The Volkswagen Group can be divided into volume brands (e.g. Volkswagen, Skoda, Seat, Cupra), and premium brands (e.g. Audi, Porsche), both groups together making one of the largest automotive businesses in the world, second to Toyota. Not long ago, the Volkswagen Group overtook Toyota with almost 11 Million vehicles sold globally but within a few years they shrunk to below 9 Million units in 2021, that negative trend now continues. One reason for this erosion is that limited semiconductor supply was prioritized to the premium high margin vehicles from Porsche and Audi, while Skoda, Volkswagen, and Seat customers had to wait as the demand could not be satisfied. In that respect the statement from VW that the demand is strong is correct, but customers don’t wait endlessly – they simply can’t.
Under normal market conditions, waiting customers would simply get their vehicle later when the supply chain shortages ease again. But these are not normal market conditions. The industry is undergoing a transformation from ICE to BEV, something never seen before: the rules of the past don’t apply to the future.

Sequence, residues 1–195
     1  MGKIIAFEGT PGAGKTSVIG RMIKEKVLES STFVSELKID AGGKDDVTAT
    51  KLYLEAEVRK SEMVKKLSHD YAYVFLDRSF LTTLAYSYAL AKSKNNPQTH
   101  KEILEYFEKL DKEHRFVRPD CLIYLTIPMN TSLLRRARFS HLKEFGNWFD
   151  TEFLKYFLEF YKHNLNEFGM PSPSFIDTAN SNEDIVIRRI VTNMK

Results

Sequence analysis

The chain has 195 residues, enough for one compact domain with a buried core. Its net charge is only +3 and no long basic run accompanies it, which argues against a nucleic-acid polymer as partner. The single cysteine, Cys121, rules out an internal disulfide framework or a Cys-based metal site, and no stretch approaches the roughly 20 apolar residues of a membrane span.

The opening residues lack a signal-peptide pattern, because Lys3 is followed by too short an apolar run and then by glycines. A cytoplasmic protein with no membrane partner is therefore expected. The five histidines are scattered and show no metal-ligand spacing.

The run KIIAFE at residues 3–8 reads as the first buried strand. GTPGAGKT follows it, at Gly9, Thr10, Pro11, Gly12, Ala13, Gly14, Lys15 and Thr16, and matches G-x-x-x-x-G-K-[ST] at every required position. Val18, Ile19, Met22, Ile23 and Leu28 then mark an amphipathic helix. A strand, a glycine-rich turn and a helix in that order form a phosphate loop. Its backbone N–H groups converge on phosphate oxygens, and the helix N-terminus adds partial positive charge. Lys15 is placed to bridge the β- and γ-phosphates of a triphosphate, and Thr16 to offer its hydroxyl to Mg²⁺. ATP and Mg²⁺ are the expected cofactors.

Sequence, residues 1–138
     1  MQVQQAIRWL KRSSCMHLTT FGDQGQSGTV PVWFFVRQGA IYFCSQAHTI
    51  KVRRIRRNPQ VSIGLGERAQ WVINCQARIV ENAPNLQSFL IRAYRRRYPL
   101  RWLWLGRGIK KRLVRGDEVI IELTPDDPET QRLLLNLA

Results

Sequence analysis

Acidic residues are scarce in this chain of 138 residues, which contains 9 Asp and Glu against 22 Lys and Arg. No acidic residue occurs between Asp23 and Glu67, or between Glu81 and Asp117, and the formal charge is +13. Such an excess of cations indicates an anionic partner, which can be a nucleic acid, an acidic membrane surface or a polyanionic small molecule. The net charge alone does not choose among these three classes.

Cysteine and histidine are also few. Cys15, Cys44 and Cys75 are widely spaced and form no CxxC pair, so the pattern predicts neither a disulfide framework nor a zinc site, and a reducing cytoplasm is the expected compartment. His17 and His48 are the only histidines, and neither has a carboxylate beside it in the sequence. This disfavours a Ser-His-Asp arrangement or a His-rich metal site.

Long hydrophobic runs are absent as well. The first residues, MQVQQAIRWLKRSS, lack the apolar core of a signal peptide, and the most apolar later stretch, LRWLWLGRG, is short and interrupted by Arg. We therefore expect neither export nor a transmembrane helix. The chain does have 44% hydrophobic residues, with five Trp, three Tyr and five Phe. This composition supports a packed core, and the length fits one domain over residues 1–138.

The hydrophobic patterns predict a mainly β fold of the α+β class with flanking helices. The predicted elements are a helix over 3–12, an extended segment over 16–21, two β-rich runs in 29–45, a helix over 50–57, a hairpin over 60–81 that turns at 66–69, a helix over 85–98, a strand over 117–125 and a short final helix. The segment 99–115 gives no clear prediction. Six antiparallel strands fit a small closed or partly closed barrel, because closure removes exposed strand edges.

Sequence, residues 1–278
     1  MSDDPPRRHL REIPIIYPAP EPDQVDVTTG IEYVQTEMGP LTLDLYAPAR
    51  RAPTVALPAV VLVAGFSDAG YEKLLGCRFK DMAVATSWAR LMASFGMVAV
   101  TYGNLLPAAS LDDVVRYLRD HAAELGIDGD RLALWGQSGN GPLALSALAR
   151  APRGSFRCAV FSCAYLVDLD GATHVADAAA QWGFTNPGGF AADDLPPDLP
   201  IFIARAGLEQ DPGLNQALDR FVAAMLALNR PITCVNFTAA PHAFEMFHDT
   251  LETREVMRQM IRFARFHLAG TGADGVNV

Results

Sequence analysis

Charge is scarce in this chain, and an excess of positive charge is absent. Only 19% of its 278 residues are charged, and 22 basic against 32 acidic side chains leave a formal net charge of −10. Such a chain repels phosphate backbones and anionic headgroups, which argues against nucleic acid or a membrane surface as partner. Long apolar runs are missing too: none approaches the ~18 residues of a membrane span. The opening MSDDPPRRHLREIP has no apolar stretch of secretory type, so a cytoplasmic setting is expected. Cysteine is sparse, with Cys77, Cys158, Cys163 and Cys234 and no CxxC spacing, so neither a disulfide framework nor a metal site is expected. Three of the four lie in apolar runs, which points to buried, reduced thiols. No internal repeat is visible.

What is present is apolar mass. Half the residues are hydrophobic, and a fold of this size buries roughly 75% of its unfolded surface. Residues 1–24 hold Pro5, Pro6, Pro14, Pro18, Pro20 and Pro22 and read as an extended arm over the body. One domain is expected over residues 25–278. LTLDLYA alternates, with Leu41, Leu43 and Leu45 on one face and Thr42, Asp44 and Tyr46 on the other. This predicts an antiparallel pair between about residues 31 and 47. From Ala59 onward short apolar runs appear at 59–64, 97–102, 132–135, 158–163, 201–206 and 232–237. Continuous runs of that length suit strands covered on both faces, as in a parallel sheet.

About 50% of all new vehicle demand is triggered by ‘the old car is broken and can’t be used anymore’ more commonly known as a replacement. These customers urgently need a car, to do their business and manage their daily lives, and don’t have the luxury to simply wait or use a second or third vehicle from their garage. They must buy a car and if it isn’t available in their preferred ICE brand they may turn to a new BEV brand.
In the accelerating transformation to electric vehicles we are in, every day that is passing by people are more attracted to BEVs, as there are more BEV models to choose from, and would reconsider if a car with a combustion engine is still a good choice or if it’s better to switch to BEVs now. The Volkswagen Group is forcing the consumer’s hand by limiting small and mid-size car supply to reconsider their brand loyalty. Many of those who wait will decide for an affordable low-cost BEV from a brand that can deliver. With more attractive and affordable Asian and American BEVs available in the mid and low-cost segment, more buyers decide every day against a car from their preferred German brand simply because their VW-Group ICE or BEV has a delivery date far in the future but they need a car now and don’t have the budget for a premium car.